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EU is preparing to celebrate the International Roma Day

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The Roma are Europe’s largest, and most discriminated ethnic minority, with 10-12 million Roma living in the EU and in the enlargement region. The EU Roma Strategic Framework 2020-2030 adopted by the Commission in October 2020  contributed to the implementation of the EU Action Plan against racism 2020-2025. It sets out a three-pillar approach that complements the socio-economic inclusion of marginalised Roma with fostering equality and participation.

In the the EU Roma Strategic Framework 2020-2030 , unanimously adopted in March 2021, Member States have committed to implement concrete measures to address the inequalities faced by Roma.

The Strategic Framework ties in with the work of the Commission in other areas, such as the Victims’ Rights Strategy, the Gender Equality Strategy, the EU Action Plan on Human Rights and Democracy, the EU Gender Action Plan in External relations, and in the implementation of the 2019 EU guidelines on non-discrimination in external action.

EU funds for Roma equality, inclusion and participation are available in the context of the 2021-2027 multiannual financial framework (MFF) through structural funds, the Instrument for Pre-Accession (IPA), the Neighbourhood, Development and International Cooperation Instrument – Global Europe (NDICI), the Technical Support Instrument, the Economic and Investment Plan for Western Balkans, as well as under NextGenerationEU and the Recovery and Resilience Facility.


Ahead of the International Roma Day on 8 April, Vice-President for Values and Transparency, Vĕra Jourová, Commissioner for Equality, Helena Dalli, and Commissioner for Neighbourhood and Enlargement Negotiations, Olivér Várhelyi, issued the following statement:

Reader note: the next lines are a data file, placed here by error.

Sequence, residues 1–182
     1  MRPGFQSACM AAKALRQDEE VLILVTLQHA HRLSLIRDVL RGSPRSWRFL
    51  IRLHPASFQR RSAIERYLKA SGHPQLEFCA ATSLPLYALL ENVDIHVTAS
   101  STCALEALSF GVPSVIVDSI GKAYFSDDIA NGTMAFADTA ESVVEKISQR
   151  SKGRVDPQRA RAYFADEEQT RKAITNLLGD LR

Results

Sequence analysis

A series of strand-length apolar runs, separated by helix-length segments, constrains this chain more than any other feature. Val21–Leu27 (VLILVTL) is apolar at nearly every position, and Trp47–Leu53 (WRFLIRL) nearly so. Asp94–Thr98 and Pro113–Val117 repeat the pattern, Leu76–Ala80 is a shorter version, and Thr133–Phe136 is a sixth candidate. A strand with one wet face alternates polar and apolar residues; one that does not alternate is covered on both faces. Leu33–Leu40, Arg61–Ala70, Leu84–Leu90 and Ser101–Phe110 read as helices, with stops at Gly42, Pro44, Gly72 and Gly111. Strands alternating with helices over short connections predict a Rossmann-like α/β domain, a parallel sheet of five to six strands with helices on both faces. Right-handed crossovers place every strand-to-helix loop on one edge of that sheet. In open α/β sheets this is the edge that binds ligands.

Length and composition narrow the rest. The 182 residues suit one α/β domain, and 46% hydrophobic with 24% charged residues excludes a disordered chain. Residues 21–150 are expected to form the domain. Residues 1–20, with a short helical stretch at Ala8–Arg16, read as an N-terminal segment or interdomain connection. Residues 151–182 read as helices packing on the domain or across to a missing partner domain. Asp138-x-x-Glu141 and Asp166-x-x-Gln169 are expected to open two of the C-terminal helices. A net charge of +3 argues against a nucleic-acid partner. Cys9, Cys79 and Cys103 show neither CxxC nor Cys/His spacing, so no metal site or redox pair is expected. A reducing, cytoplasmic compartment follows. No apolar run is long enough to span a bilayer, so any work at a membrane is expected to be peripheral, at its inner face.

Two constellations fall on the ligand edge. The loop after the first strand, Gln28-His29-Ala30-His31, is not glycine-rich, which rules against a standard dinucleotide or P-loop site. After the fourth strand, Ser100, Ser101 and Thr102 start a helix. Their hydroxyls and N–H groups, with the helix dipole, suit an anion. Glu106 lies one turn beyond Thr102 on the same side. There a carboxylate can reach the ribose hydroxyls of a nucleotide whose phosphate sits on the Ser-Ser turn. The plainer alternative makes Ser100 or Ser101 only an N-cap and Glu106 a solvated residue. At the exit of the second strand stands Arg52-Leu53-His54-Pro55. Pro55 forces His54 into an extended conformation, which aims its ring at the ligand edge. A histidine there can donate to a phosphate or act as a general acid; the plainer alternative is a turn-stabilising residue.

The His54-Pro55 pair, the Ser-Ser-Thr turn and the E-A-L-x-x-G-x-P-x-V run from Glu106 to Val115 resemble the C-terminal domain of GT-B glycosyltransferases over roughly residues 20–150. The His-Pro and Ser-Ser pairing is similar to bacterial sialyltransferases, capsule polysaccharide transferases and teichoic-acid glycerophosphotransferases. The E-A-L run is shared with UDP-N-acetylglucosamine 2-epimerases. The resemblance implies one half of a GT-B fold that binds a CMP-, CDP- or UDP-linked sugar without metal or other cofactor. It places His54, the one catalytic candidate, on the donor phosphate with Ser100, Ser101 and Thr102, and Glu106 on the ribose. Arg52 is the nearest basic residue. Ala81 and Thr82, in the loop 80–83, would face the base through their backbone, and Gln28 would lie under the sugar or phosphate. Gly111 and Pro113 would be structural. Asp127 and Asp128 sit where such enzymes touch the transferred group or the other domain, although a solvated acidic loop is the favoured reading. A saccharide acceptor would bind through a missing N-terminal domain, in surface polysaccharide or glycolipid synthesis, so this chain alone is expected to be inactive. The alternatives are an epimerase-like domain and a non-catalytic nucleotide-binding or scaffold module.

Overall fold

“International Roma Day is dedicated to Europe’s largest ethnic minority. It is a celebration of diversity, of Roma culture and art, of their language and contribution to European history and society. 53 years ago, on 8 April 1971, representatives of Roma people from different backgrounds and countries met at the first Roma congress and together agreed on the Roma flag, the Roma anthem and the common name ‘Roma’.

Today Roma still face high levels of antigypsyism and discrimination in their daily lives. 80% of Roma in 10 EU countries are at risk of poverty, 52% experience housing deprivation, 22% live in homes without running water.  Roma continue to face serious challenges in accessing rights and services equally. This also includes equal access to quality education, employment or healthcare.

The EU Roma Strategic Framework 2020-2030 has set targets for Member States to reach by 2030 including cutting the poverty gap between Roma and non-Roma by at least half, decreasing the gap in housing deprivation faced by Roma by at least one-third, and reducing the proportion of Roma children attending segregated primary schools.The Western Balkans and Türkiye adopted National Strategies aiming to align their policy with the EU Framework.
We call on Member States and our enlargement partners, particularly those with a significant Roma population, to step up their efforts to match the extent of the challenges and achieve visible progress. By working together and making effective use of the available support and funding we can build a fair and equal Europe for the benefit of all.”

Most of the policy areas concerning Roma equality, inclusion and participation are primarily national responsibilities. The EU plays an important role to provide policy guidance, coordinate actions by Member States, monitor implementation and progress, provide support via EU funds, and promote exchanges of promising practices. The Commission also monitors the correct implementation of the EU legal framework on equality and non-discrimination, notably the Racial Equality Directive. The EU plays an important role in promoting Roma equality, inclusion and participation in EU enlargement negotiations.

EU Briefs publie des articles provenant de diverses sources extérieures qui expriment un large éventail de points de vue. Les positions prises dans ces articles ne sont pas nécessairement celles d'EU Briefs.

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